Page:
Our Blurry Minds Eye

Our Blurry Mind’s Eye is a research-based series that examines the universal language found in dreams, neuroscience, ancient symbols, and the empirical observations of Carl Jung. By using found imagery from the internet, magazines and books, and the artist’s own photographs, Grey constructs layered compositions that contain worlds within worlds. By blending reproduced photographs and other images within each dreamscape, the artist offers an unprecedented way of remembering to the viewer. Many of these dreamscapes are embellished with digital drawings, a process which allows the artist to build upon the surface while keeping true meanings veiled.  The artist signs each work with a singular thumbprint.

The figurative language of our dreams is universal and spoken by all of humanity. The latest research in neuroscience has proven that ninety-eight percent of all mental processing happens subconsciously.   How disconcerting that during our two percent of conscious thought, humanity is greatly divided by religion, race, sexual orientation, gender, nationalism, and politics. Citizen Grey challenges the notion of the Other by accentuating humanity’s native tongue, during the hours at night when we are all of a like mind.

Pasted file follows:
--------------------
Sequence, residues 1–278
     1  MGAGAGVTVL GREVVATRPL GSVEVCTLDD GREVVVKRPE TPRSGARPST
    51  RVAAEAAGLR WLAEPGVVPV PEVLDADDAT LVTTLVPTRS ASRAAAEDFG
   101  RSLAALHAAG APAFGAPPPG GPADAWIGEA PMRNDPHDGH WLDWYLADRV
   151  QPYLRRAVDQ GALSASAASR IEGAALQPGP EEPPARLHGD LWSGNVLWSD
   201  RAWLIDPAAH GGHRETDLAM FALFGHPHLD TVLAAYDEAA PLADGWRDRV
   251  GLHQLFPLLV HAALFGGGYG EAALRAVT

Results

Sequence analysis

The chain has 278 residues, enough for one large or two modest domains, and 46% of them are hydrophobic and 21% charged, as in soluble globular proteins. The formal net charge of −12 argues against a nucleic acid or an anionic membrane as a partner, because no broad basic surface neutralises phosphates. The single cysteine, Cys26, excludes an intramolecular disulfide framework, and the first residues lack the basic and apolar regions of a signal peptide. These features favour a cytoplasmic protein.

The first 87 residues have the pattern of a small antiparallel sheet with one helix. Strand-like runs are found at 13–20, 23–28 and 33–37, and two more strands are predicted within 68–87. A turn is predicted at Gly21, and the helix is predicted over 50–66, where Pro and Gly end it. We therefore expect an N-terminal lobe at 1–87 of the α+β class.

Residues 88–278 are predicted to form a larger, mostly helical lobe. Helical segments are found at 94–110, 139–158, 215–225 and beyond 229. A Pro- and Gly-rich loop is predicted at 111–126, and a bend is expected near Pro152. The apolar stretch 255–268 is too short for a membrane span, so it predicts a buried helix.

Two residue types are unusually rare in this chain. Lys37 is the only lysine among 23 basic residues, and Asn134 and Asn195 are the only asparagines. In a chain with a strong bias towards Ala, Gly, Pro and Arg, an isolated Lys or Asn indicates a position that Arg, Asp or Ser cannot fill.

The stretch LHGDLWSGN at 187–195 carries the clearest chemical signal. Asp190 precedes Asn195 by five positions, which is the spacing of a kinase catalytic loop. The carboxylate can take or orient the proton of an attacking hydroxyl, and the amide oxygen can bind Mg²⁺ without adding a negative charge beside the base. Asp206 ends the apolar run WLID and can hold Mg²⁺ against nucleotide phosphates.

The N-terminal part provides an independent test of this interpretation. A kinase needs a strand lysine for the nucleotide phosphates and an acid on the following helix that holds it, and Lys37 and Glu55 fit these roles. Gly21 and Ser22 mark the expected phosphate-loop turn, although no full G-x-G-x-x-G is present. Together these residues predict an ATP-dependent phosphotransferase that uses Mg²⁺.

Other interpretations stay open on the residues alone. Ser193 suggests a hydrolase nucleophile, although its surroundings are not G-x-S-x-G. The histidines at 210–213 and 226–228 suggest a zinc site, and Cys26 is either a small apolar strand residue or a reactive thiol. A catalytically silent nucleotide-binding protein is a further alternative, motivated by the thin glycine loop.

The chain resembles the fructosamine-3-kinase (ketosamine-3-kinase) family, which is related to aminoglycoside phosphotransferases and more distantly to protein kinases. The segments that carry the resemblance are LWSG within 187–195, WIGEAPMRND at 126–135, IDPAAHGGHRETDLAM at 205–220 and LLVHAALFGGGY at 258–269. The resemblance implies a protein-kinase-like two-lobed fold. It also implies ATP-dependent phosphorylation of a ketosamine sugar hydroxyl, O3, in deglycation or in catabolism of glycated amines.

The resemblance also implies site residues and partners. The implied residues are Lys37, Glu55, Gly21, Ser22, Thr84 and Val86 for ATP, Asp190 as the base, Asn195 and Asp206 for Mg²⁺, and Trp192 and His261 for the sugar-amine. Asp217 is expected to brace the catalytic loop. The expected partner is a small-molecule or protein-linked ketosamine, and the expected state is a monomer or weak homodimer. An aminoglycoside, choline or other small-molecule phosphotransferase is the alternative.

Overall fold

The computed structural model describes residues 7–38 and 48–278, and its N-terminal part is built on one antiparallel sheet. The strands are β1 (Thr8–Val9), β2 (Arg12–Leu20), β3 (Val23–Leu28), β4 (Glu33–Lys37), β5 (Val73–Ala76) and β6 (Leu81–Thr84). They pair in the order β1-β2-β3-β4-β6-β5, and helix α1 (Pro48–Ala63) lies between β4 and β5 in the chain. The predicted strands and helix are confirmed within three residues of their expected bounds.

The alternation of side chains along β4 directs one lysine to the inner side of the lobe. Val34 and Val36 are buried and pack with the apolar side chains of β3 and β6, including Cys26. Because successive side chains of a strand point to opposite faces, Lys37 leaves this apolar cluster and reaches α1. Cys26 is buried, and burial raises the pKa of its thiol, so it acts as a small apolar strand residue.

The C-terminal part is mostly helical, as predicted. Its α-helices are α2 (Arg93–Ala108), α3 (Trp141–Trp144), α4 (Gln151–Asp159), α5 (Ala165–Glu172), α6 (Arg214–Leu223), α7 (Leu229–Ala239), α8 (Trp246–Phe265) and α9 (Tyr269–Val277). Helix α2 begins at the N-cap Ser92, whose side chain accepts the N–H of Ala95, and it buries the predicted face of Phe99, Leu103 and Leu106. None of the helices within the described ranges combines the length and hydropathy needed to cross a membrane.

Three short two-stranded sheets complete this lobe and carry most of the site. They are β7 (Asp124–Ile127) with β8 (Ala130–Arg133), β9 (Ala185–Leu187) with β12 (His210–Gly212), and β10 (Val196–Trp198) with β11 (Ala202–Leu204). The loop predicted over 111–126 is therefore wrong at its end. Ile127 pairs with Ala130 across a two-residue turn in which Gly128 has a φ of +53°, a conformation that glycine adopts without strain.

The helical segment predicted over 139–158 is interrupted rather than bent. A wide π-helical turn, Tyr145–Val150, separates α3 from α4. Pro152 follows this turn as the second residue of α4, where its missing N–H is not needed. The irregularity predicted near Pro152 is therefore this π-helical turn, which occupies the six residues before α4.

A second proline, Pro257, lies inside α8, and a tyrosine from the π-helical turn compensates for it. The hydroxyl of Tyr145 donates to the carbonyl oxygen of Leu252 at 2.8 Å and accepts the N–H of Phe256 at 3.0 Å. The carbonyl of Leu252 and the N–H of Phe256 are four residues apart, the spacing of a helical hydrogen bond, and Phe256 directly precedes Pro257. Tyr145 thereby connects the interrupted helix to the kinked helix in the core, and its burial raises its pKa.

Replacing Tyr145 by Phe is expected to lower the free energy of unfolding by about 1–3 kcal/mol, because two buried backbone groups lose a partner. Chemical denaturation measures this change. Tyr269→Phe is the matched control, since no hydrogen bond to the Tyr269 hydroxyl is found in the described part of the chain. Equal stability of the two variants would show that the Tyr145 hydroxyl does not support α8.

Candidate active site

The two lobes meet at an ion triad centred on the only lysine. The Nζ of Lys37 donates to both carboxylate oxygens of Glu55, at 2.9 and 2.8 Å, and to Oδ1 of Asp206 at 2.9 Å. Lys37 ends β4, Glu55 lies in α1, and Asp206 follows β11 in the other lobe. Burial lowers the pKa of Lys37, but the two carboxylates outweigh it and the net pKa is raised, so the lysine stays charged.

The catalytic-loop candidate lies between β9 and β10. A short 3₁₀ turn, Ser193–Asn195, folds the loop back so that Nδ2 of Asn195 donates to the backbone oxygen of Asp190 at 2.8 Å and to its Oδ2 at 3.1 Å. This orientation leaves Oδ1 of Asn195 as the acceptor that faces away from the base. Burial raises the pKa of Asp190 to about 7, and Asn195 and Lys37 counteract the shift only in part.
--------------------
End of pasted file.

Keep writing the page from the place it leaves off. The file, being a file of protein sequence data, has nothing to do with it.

Each work in Our Blurry Mind’s Eye series measures 24 x 24 inches or 24 inches diameter, in reference to the ancient symbol of a Mandala.  Also a religious symbol, Mandalas have appeared throughout early Hinduism, Buddhism, Judaism and Christianity, and were reintroduced into Western thought through Carl Jung's pioneering exploration of the unconscious. The Mandala is a cosmic diagram that references the self, and serves to organize our thoughts and seemingly random dream symbols during intense personal growth. Rendered in both round and square formats, the circular icon is symbolic of the inner Self, while the square icon alludes to the manner in which we have shaped our world based upon that Self.  

Our Blurry Mind’s Eye borrows properties from both types of Mandalas. Subsequently, each composition reads like a double exposure.  As if mimicking a dream, many disparate images, symbols, forms and figures pair together to fill both positive and negative space. Upon closer examination, a mosaic of seemingly disconnected images start to meld into meaningful patterns, revealing what Jung called “the collective unconsciousness.” This part of the psyche retains and transmits the common psychological inheritance of mankind. It also dispenses the symbolic language of our dreams.